Although ozone and UV light are also effective primary disinfectants, they don’t provide lasting residual effects to protect the water supply during distribution. A variety of other chemicals are available, each with their own list of pros and cons. Chloramine has been used as a residual disinfectant in the distribution system. The USEPA estimates that 30 percent of surface water utilities will use chloramines as their secondary disinfectant to comply with current standards, i.e., the Stage 1 Disinfectants/DBP Rule, increasing to 60 percent for future proposed modifications, i.e., the Stage 2 D/DBP Rule. Use of alternative disinfection practices is being cautiously approached as any substitute process may produce other by-products of unknown risk such as chlorine dioxide’s by-product of chlorite and chlorate or ozone’s bromate.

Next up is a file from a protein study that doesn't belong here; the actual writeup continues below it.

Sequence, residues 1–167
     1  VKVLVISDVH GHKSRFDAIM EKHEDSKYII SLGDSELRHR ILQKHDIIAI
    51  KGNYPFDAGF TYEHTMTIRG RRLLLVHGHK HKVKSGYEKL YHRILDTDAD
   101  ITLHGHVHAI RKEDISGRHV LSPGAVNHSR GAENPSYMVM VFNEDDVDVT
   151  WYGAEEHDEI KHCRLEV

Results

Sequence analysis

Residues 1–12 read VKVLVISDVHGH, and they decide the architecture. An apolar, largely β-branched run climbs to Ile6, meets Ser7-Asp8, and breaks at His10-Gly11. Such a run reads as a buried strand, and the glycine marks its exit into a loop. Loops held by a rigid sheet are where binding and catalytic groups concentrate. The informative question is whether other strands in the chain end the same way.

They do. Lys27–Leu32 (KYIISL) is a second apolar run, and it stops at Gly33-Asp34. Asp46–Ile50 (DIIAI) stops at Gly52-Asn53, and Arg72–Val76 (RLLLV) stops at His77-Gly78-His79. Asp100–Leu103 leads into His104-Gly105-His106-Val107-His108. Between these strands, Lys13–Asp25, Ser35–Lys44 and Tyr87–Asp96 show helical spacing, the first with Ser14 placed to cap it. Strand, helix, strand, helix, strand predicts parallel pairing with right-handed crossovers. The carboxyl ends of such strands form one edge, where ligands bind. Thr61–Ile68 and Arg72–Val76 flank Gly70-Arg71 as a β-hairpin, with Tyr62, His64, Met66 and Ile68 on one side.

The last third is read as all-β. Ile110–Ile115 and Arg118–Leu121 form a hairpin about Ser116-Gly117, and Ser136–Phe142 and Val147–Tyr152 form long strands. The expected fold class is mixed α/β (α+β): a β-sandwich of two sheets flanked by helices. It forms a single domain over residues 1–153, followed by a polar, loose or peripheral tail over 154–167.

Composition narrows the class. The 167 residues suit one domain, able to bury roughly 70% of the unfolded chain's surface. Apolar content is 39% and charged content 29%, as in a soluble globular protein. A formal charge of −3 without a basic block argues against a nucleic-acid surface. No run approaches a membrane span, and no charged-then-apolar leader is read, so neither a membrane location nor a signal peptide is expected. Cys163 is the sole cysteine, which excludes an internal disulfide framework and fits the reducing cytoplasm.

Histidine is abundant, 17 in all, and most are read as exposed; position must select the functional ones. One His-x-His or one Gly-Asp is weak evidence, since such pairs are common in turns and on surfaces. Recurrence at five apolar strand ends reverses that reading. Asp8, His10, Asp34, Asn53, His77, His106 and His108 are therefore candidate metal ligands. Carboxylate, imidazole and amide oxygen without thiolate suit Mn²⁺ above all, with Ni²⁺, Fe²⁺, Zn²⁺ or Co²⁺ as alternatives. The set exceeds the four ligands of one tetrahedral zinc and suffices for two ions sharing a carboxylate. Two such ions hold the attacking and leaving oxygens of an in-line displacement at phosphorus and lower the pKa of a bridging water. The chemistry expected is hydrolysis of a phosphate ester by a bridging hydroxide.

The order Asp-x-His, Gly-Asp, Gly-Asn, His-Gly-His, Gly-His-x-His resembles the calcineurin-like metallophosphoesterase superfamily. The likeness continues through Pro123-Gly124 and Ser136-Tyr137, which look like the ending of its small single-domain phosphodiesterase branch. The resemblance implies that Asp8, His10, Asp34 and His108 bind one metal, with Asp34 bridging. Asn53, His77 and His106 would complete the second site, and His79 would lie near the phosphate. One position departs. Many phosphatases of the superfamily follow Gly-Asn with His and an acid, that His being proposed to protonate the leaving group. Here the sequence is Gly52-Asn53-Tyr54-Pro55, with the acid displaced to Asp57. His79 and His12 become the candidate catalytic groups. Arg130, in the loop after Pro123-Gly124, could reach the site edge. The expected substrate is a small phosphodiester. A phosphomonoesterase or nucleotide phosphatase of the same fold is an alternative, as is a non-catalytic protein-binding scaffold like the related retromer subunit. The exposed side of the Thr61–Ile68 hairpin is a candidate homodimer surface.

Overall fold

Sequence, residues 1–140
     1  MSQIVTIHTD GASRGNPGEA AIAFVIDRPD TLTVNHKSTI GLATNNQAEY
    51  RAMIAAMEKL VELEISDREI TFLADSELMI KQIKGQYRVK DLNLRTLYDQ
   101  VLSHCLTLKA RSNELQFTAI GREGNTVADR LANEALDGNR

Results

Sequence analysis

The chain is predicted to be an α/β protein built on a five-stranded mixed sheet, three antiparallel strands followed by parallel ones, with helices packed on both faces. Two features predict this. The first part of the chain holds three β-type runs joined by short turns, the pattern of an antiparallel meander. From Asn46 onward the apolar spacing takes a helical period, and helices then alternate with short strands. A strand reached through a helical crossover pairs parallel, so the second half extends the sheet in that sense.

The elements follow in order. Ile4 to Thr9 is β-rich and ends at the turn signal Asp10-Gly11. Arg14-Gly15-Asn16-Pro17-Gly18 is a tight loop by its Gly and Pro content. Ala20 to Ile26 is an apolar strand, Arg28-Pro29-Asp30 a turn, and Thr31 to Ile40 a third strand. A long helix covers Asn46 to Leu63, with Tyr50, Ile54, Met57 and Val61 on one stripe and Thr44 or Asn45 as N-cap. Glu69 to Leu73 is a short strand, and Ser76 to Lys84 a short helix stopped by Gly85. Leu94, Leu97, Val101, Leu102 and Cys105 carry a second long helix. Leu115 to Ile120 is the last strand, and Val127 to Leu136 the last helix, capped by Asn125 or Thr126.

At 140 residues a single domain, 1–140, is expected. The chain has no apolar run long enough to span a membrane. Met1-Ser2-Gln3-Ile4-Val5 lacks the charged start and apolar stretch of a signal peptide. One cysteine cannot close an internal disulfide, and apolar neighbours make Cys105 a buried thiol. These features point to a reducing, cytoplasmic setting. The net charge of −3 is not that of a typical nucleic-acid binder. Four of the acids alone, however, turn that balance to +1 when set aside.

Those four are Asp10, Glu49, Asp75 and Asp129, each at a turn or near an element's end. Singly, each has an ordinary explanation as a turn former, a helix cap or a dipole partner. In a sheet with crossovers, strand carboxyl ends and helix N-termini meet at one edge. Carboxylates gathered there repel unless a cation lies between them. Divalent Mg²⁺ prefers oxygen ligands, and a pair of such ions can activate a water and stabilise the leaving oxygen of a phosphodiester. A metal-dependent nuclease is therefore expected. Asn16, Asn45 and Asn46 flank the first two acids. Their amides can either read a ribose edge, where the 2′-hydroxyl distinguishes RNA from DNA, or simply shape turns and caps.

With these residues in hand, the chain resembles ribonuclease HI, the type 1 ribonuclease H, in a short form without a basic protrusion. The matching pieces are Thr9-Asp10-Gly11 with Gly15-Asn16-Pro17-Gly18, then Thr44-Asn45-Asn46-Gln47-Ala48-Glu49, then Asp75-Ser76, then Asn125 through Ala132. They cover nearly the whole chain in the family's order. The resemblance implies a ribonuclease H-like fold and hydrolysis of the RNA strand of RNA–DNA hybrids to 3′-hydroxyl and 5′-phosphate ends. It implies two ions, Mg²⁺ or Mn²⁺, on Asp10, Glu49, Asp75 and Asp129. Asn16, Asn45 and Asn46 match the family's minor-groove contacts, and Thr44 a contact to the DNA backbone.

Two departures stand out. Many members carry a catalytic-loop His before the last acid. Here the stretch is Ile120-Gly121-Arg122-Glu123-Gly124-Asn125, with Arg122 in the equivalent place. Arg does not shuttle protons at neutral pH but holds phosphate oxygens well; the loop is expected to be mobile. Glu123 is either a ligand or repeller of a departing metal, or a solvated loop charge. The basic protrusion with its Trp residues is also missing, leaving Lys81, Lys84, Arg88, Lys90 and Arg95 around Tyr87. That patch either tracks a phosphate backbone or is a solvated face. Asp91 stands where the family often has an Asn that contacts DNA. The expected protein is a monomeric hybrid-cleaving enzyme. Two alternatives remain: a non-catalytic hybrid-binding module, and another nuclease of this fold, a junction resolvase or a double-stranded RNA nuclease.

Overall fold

THMs were first recognized as potential human carcinogens in the 1970s, leading the USEPA to set the first regulatory limits for the chemicals in 1979. The Stage 1 D/DBP Rule, finalized in 1998, established an MCL for TTHMs at 80 parts per billion (ppb) and other DBPs (i.e., MCL of the total of five haloacetic acids, or THAAs, is 60 ppb) while mandating use of enhanced coagulation in the water treatment process to remove natural organic matter (NOM), a major contributor to DBP formation.